CFP: No Person Shall Bee Any Wise Molested: Religious Freedom, Cultural Conflict, and the Moral Role of the State

By November 4, 2012

A conference planned for October 3 – 6, 2013, in Newport and Providence, Rhode Island, organized by the Newport Historical Society, the Pell Center for International Relations and Public Policy, Salve Regina University, the George Washington Institute for Religious Freedom, the John Carter Brown Library, and Brown University to mark the 350th anniversary of the 1663 Rhode Island Charter.

What is religious toleration? What are its functions, effects, and limits in society? How has it manifested (or not) around the world in human history?

The 1663 Rhode Island Charter stipulated that no person “shall bee any wise molested, punished, disquieted, or called in question, for any differences in opinione in matters of religion.” This charter famously ignited the “lively experiment” that both reflected and shaped religious and political developments in the early modern world and has continued to influence global conversations about the role of toleration and religious freedom. The 350th anniversary of this charter provides a timely point of entry into a thoughtful consideration of a far larger set of questions about religious freedom in particular historical and present day contexts.

Far from exemplifying a simple narrative of “progress,” toleration and religious liberty have been contested, often resisted ideas that have proved surprisingly difficult to implement equitably. This is especially true when one looks outside the traditional boundaries of church-state relations to consider the lived experiences of religious dissenters, ethnic minorities, women, and enslaved and free people of color, including American Indians and indigenous populations around the world. The uneven adoption of such ideas in the early modern world, ongoing intolerance in the United States even after the ratification of the Bill of Rights, and the globalization and contestation of full religious liberty today suggest that a more comprehensive investigation of the meaning of religious liberty and toleration is an issue of particular urgency for the present.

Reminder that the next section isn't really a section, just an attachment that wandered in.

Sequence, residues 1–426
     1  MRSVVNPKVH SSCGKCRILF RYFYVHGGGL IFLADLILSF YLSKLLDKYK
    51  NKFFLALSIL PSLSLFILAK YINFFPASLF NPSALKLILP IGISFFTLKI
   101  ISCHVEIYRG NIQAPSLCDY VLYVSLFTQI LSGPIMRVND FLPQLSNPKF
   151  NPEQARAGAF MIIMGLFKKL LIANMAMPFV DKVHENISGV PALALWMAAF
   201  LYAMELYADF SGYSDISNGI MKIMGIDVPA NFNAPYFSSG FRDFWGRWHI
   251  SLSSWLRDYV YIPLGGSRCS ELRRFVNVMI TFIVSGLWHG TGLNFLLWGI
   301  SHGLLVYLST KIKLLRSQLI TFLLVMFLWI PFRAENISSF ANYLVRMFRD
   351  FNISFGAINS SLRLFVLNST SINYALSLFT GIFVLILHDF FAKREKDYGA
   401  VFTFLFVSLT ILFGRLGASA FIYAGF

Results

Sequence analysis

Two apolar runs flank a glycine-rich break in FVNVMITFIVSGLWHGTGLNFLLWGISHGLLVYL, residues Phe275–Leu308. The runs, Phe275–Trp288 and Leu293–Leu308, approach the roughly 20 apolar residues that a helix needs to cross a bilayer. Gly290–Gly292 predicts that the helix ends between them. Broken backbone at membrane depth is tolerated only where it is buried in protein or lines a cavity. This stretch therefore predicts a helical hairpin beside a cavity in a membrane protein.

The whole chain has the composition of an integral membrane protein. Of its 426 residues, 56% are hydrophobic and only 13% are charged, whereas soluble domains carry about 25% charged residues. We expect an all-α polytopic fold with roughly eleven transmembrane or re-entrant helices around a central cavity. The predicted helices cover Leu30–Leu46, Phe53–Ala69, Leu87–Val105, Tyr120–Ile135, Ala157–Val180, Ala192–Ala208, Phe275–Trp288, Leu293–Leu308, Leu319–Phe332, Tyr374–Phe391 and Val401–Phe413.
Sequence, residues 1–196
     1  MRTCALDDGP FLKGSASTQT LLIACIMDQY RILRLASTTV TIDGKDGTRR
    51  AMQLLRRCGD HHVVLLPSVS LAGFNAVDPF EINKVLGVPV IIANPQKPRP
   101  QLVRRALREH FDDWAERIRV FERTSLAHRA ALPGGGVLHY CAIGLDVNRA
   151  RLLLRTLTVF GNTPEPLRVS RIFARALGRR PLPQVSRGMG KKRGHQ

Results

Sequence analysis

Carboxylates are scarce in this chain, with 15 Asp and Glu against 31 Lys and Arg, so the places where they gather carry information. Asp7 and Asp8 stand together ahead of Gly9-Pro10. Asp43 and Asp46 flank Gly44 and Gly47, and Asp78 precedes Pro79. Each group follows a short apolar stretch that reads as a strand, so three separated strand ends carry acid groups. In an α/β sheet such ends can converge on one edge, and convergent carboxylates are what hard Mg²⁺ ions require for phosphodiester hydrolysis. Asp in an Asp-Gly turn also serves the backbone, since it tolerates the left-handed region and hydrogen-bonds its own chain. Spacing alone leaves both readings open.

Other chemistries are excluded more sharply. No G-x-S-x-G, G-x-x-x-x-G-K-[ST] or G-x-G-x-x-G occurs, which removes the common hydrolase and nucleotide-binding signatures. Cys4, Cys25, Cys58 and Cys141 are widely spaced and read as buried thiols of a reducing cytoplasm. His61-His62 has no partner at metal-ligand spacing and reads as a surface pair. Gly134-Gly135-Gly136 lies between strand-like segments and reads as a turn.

Situated in historic Newport and Providence, Rhode Island, this conference looks at the sources, consequences, changing meanings, and lived experiences of religious freedom and intolerance. To that end, the program committee solicits panels and individual paper proposals that represent innovative research on the broad themes of religious liberty, toleration, intolerance, religious conflict, and the role of government in such contexts. Papers that cut across traditional lines of disciplines, geographies, and chronologies are especially welcome, as are papers that look at transnational and comparative contexts, local and international conditions of toleration, and the shifting boundaries between the public and the private. In addition to historians, the committee hopes to engage scholars from other disciplines, including (but not limited to) anthropology, ethics, literature, religious studies, political science, economics, theology, sociology, law, philosophy, and peace, conflict, and coexistence studies.

Possible topics include (but are not restricted to):

  • New perspectives on the 1663 Rhode Island charter—its context and consequences
  • Shifting meanings of religious freedom in specific historical contexts
  • Intersections of religious freedom or prejudice with race, ethnicity, class, gender, or sexuality
  • Limits of religious freedom and expression
  • Economic, cultural, and political consequences of religious tolerance and intolerance
  • Conflicts over public space
  • Religiously inspired moral coercion
  • Nationalism, national identity, and transnational networks
  • Historical formations of the religious, the civic, the secular, and the state
  • Experience of the religiously unaffiliated, freethinkers, and the “nones”
  • Attitudes towards religion in secular culture
  • The interplay between law, policy, and religious coexistence
  • Lived tolerance and intolerance
  • Interreligious dialog and ecumenism
  • Instruments of religious intolerance in the twenty-first century
  • Governments and indigenous peoples
  • Literary and artistic boundaries of religious freedom

Please send a 500 word proposal and curriculum vitae for each participant to by February 1, 2013. Full panel proposals should be sent under one cover and should include a panel chair and respondent. Questions should be directed to the email above.

This conference is part of The Spectacle of Toleration: Learning from the Lively Experiment, a multi-year project that aims to open up an international conversation about toleration and religious freedom. In addition to the academic conference, The Spectacle of Toleration plans to provide several years of public programming. For more information, please see:

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